Members of the Scottish Parliament supported the legislation by 105-18
The Scottish Parliament has passed a bill that will allow same-sex marriages to be performed later this year, but religious organisations have the right not to perform them.
Members of the Scottish Parliament supported the legislation by 105-18, at the end of a debate on Tuesday and applauded when the result was announced.
Lawmakers had rejected pleas from the Catholic Church to oppose the Marriage and Civil Partnership (Scotland) Bill and also resisted attempts to amend it.
The bill will be sent to Queen Elizabeth II for the formality of royal assent before it will become law, with the first same-sex marriages expected in Scotland at the earliest at the end of July.
The Catholic Bishops’ Conference of Scotland said in a statement yesterday emailed to Catholic News Service that the bishops were “disappointed” by the outcome of the vote.
“It does not change the church’s understanding of our commitment to the sacrament of marriage,” the statement added.
The bill offers some protection to the churches by not compelling religious organizations to perform marriage ceremonies for same-sex couples but instead allows them to “opt in” to the legislation. Clerics whose religious organization have not opted into the law will not be able to perform same-sex wedding ceremonies.
During the debate, Alex Neil, secretary for health and well-being, said the Scottish Assembly had “got the balance right in the bill.”
“We are extending the rights and freedoms of people of the same sex who wish to be married and to have that marriage recognized by the state,” he said. “At the same time, we are building in necessary safeguards for the rights of those who are opposed to same-sex marriage and who do not wish to perform same-sex marriage, particularly church organizations and celebrants.”
“We are doing a remarkable thing today,” he added. “We are saying to the world, loud and clear, on behalf of Scotland, that we believe in recognizing love between same-sex couples in the same way that we do between opposite-sex couples.”
However, John Mason, Scottish National Party representative from Glasgow, said he was fearful that anyone opposed to same-sex marriage would be victimized if the bill went through without more robust protections.
He unsuccessfully proposed an amendment asking for recognition that “belief in marriage as a voluntary union between one man and one woman to the exclusion of all others for life is a belief worthy of respect in a democratic society.”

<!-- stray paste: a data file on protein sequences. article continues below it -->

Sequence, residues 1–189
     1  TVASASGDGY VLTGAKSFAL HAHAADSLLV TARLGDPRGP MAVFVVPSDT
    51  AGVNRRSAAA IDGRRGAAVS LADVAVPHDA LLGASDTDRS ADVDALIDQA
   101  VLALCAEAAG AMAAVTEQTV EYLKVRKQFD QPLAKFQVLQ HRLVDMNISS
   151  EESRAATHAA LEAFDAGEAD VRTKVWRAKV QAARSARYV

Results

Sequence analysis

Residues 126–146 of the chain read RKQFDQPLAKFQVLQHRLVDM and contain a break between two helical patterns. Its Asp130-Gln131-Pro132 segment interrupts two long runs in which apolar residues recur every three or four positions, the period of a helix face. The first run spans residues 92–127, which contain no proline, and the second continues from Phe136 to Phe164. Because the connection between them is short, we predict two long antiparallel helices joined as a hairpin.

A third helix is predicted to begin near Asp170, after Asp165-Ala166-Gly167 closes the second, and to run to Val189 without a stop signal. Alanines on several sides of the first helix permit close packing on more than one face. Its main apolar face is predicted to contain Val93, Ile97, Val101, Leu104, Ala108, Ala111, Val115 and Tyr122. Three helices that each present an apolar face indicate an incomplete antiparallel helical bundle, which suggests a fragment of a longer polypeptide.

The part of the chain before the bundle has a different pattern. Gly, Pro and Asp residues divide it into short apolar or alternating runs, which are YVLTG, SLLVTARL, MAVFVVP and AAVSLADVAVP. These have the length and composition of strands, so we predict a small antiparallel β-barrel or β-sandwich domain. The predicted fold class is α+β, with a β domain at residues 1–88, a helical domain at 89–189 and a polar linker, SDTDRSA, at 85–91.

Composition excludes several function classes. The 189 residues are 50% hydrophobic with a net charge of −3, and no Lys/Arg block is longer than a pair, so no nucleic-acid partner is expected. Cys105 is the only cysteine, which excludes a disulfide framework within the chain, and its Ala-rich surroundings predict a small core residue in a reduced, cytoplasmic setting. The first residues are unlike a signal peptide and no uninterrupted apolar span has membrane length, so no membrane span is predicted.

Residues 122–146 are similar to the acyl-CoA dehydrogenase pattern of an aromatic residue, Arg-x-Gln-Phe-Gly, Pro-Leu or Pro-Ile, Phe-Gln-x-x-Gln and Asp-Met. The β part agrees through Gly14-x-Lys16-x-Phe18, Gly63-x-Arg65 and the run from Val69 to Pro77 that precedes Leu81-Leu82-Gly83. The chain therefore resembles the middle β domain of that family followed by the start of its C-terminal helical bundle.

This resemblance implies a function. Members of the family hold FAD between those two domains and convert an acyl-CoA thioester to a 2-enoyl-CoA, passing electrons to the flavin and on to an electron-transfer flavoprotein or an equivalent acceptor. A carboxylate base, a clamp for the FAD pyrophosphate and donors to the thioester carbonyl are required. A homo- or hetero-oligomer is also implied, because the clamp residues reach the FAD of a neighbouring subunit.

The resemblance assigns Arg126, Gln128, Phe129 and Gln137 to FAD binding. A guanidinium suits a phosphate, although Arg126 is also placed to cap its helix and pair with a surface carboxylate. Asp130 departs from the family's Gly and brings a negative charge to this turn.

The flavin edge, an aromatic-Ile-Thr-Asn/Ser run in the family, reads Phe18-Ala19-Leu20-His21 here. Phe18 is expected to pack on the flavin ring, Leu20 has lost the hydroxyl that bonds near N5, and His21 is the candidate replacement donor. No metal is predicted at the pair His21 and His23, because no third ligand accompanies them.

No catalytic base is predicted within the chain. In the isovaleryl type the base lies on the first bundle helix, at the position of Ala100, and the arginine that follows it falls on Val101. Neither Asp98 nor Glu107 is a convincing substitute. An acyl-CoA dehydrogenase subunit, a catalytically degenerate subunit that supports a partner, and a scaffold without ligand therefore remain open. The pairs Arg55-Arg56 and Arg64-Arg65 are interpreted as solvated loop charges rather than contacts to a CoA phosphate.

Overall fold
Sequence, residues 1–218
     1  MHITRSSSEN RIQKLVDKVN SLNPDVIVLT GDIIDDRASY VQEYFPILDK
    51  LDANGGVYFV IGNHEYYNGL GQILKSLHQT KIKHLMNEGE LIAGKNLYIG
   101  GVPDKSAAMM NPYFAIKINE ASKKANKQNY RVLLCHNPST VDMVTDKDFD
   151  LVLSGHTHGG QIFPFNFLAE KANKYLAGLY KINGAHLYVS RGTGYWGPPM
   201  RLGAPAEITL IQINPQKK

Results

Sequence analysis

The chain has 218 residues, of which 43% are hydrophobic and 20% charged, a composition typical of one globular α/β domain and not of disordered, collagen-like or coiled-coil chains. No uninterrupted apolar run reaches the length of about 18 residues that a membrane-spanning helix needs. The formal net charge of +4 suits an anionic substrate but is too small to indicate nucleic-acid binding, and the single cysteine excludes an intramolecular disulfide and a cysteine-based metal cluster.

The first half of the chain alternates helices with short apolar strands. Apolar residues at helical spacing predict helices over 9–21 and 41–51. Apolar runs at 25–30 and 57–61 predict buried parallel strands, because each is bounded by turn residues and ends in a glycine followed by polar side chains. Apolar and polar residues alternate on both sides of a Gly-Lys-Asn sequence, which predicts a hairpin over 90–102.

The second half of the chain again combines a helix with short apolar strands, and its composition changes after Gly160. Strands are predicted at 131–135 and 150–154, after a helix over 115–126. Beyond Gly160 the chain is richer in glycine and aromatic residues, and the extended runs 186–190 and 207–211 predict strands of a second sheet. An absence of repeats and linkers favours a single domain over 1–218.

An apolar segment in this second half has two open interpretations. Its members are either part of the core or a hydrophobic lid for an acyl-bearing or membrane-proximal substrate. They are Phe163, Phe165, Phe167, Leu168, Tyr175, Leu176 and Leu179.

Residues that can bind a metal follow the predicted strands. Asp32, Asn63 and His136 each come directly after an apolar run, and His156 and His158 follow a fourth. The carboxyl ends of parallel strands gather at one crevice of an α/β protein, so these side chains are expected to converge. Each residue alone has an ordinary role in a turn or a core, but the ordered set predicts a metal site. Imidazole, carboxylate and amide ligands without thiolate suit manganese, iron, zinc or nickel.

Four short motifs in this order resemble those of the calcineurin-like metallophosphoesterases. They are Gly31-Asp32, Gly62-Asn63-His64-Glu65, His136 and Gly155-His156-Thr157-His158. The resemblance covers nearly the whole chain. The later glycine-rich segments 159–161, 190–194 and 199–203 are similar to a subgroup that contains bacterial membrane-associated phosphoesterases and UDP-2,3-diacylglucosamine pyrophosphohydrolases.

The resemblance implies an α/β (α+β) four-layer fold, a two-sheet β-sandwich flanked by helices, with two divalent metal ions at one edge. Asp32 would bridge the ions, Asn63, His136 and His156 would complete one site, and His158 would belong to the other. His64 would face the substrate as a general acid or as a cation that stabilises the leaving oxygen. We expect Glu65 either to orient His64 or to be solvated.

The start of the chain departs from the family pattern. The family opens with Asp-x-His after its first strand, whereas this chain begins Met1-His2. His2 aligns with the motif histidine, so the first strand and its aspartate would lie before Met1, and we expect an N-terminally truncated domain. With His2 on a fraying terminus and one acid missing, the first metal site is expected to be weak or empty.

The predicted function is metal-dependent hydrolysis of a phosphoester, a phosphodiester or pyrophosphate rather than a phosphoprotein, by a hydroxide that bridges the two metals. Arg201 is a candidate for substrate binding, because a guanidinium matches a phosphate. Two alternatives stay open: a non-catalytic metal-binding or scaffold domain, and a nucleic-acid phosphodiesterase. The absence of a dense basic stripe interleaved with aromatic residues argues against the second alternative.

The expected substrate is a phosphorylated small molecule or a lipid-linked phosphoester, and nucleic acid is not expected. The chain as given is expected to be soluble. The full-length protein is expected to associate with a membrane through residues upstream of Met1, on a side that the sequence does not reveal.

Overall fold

“It is an integral tenet of faith for many Christians, Muslims and others as well as the belief of many of no faith position at all,” he said.
Initially, Scottish bishops were extremely vocal about same-sex marriage. At one point, Cardinal Keith O’Brien, then archbishop of St. Andrews and Edinburgh, described same-sex marriage as a “grotesque subversion of a universally accepted human right” that would “shame Britain in the eyes of the world.”
After the cardinal resigned in February 2013 when he said his sexual conduct has “fallen beneath the standards expected of me,” the Scottish bishops made their views clear through formal channels, such as presentations to government committees, rather than through the media.
Bishop Hugh Gilbert of Aberdeen wrote on January 30 to 22 members of the Scottish Parliament whose constituencies fall within his diocese to ask them to amend the legislation if they could not prevent the bill becoming law.
He said he had major concerns over the “category mistake” of trying to redefine marriage and about the adequacy of proposed safeguards for groups and people who held to the traditional understanding of marriage.
“There is a widespread attitude that accuses those unsympathetic to the proposed legislation of bigotry or homophobia,” he said. “This is seriously unjust, and a very real concern.
“It is an irony that a measure aimed at preventing a perceived injustice to a small minority threatens to provoke fresh injustices to a far larger percentage of the population,” the bishop said.
He asked lawmakers to try to protect churches against possible litigation and threats to their charitable status.
He also said parents needed to be protected from attempts to stop them from passing on their “understanding of marriage to children, most notably in faith schools.”
Bishop Gilbert said he also feared that Christians and others might suffer discrimination in their career or workplace, face restrictions on freedom of speech, be denied access to public services or be prevented from fostering or adopting children.
“Sometimes we are assured that these freedoms are already sufficiently guaranteed by law, but others question this,” he said. “The general climate is not reassuring. It would therefore be a real reassurance for those dismayed by this proposed legislation to have their concerns met within the legislation itself.”
Same-sex marriage was legalized in England and Wales in July under the Marriage (Same-Sex Couples) Act, and the first marriages between gay and lesbian couples will be performed in late March.